Netflixable? “A Shaun the Sheep Movie: Farmageddon”


Think of “Farmageddon” as a child’s introduction to science fiction cinema.

It’s a non-verbal giggle — a bit slow to be a romp — through decades of sci-fi on the big screen (and on the small) packaged in a preschool age-friendly “E.T.,” with our old pal Shaun the Sheep as our guide.

It’s about an alien flying saucer landing in English farm country, Mossington and Mossingham Forest, where Shaun and his fellow sheep share their sheared lives with Farmer John and his dog, Bitzer, who keeps the peace on the farm.

Kids will enjoy the usual Aardman stop-motion animation sight-gags as sniggering Shaun tries to outwit Bitzer, this time helping a blue alien with a puppy dog’s head, shapeless tentacles for arms and a body like a Christmas tree, “go home.”

The sight gags include glue accidents, alien-hunters in hazmat suits in the “alien hunter cafeteria” (one wears a chef’s hat…over his hazmat helmet), an electronic scoreboard of the “No Accidents In X Days” variety that displays “UFOs Captured – 0001” — zip line ingenuity, a dumpster chase, a farm combine that accidentally carves crop-circles in Farmer John’s barley and an alien with a taste for pizza with just two words in her vocabulary which any Mazda owner will recognize.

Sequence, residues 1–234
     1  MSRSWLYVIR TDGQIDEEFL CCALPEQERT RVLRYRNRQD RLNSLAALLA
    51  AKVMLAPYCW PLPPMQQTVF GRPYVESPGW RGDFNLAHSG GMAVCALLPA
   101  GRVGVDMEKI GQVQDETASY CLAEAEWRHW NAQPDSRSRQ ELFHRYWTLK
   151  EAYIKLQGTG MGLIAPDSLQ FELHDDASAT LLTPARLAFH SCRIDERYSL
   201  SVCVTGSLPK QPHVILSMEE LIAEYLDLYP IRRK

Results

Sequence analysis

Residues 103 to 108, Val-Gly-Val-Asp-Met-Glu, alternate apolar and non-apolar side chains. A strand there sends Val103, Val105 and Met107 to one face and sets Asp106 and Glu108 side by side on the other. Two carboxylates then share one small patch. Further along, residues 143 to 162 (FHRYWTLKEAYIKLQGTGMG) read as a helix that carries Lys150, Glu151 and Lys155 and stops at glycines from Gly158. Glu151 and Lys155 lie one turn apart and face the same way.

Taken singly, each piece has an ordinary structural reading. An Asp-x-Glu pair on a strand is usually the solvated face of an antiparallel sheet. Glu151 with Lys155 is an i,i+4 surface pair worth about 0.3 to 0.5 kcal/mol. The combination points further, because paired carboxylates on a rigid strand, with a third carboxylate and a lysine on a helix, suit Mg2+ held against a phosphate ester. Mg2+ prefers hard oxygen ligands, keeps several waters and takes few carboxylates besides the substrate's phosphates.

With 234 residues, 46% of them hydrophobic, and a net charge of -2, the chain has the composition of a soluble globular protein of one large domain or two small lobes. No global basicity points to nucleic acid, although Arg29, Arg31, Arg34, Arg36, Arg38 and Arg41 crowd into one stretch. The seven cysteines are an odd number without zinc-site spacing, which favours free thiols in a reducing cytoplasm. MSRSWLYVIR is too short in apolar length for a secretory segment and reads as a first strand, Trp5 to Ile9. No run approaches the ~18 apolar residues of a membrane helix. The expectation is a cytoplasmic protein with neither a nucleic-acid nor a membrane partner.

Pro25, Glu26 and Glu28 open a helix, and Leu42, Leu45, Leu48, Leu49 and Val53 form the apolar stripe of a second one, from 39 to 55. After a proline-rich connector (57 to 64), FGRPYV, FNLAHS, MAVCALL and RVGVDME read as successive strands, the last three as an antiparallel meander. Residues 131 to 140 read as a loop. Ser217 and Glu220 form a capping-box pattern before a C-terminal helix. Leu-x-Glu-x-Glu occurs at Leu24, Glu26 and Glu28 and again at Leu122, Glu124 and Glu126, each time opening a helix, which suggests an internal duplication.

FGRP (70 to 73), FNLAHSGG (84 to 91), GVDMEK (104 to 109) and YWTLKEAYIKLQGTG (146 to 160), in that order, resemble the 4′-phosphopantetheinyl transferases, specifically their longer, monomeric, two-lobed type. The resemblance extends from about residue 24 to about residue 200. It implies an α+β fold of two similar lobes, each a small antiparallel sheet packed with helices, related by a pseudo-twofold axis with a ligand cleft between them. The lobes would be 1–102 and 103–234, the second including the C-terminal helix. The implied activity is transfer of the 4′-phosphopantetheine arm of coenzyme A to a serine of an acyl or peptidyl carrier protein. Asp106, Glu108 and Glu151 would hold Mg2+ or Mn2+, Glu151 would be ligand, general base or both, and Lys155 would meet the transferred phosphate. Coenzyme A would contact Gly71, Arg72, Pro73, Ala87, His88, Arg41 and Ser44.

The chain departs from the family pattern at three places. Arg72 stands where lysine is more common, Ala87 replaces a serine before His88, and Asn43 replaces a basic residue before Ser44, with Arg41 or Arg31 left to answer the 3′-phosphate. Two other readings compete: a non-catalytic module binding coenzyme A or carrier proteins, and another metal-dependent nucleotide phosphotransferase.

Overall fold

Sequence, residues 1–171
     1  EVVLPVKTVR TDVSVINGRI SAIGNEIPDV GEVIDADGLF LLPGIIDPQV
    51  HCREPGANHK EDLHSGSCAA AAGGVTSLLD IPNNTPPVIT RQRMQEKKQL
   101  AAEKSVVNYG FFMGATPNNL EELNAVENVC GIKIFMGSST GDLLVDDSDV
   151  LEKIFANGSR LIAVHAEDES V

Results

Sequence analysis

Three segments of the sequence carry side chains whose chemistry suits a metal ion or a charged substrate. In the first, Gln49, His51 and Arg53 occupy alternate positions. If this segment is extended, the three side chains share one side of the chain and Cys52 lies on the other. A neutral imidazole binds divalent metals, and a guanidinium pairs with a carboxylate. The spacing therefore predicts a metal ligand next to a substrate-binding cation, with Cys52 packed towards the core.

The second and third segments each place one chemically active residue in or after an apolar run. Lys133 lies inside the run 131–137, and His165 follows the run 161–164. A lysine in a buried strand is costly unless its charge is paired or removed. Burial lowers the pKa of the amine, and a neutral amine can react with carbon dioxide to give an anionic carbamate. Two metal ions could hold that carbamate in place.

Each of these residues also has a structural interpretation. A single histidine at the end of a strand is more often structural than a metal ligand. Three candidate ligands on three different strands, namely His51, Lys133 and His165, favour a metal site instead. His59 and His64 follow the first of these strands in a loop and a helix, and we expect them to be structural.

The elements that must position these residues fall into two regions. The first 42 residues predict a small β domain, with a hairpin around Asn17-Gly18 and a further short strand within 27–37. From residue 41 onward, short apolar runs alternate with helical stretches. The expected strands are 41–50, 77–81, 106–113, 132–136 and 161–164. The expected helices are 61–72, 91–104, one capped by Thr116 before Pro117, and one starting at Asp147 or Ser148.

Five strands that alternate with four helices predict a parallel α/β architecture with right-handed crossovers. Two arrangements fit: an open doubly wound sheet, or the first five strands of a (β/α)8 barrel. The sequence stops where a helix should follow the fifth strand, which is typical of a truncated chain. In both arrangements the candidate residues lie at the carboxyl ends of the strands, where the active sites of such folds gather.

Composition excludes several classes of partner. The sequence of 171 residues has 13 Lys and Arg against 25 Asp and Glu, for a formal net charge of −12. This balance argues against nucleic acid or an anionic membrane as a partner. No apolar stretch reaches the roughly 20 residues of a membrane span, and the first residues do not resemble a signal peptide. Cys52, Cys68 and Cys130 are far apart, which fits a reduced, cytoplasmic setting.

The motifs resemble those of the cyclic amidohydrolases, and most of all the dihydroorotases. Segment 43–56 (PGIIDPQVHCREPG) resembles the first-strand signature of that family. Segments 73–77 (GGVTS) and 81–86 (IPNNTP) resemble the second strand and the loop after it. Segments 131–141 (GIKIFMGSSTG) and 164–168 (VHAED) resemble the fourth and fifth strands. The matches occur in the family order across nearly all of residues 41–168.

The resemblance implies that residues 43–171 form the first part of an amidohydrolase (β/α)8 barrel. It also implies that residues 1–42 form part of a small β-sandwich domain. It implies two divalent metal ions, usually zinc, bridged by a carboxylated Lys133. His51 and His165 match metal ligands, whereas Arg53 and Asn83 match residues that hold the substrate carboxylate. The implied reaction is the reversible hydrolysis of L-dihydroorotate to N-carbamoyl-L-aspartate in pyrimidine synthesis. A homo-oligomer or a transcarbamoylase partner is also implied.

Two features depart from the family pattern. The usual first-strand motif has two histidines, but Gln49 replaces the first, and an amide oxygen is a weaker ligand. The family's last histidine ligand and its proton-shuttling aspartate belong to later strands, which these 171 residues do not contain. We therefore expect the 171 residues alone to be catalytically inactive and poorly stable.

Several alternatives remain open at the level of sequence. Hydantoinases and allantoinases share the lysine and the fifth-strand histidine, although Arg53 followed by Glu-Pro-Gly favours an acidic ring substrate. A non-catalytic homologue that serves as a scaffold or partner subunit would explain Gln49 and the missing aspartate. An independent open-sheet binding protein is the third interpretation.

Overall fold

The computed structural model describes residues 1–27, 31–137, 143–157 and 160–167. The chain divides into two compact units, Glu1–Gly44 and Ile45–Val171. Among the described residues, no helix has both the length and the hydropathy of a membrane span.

“Zoom zoom!”

Grownups? We can turn this comical clay-animated contraption into a drinking game. Or not. Nobody could survive playing a game where you take a belt every time a science fiction movie or TV show is referenced in “Farmageddon.”

There’s a “Wall-E/Short Circuit” robot, Daleks, a “2001” HAL 3000 computer bank, and way too much of “E.T.” for this to wholly avoid charges of plagiarism. A “Life of Brian” visual cue here, a “Close Encounters” musical one there.

Those robot arms came off Robby the Robot from “Lost in Space.”

And could that be Doctor Who?

It takes a while to get up to speed, but once it does, “Farmageddon” delivers the jokes, visual puns and slapstick in a mad flurry. Any money Netflix spends making movies with Aardman is welcome, and well spent.


MPAA Rating: G, general audiences

Credits: Directed by Will Becher and Richard Phelan, script by Jon Brown and Mark Burton. An Aardman/Netflix release.

Running time: 1:26

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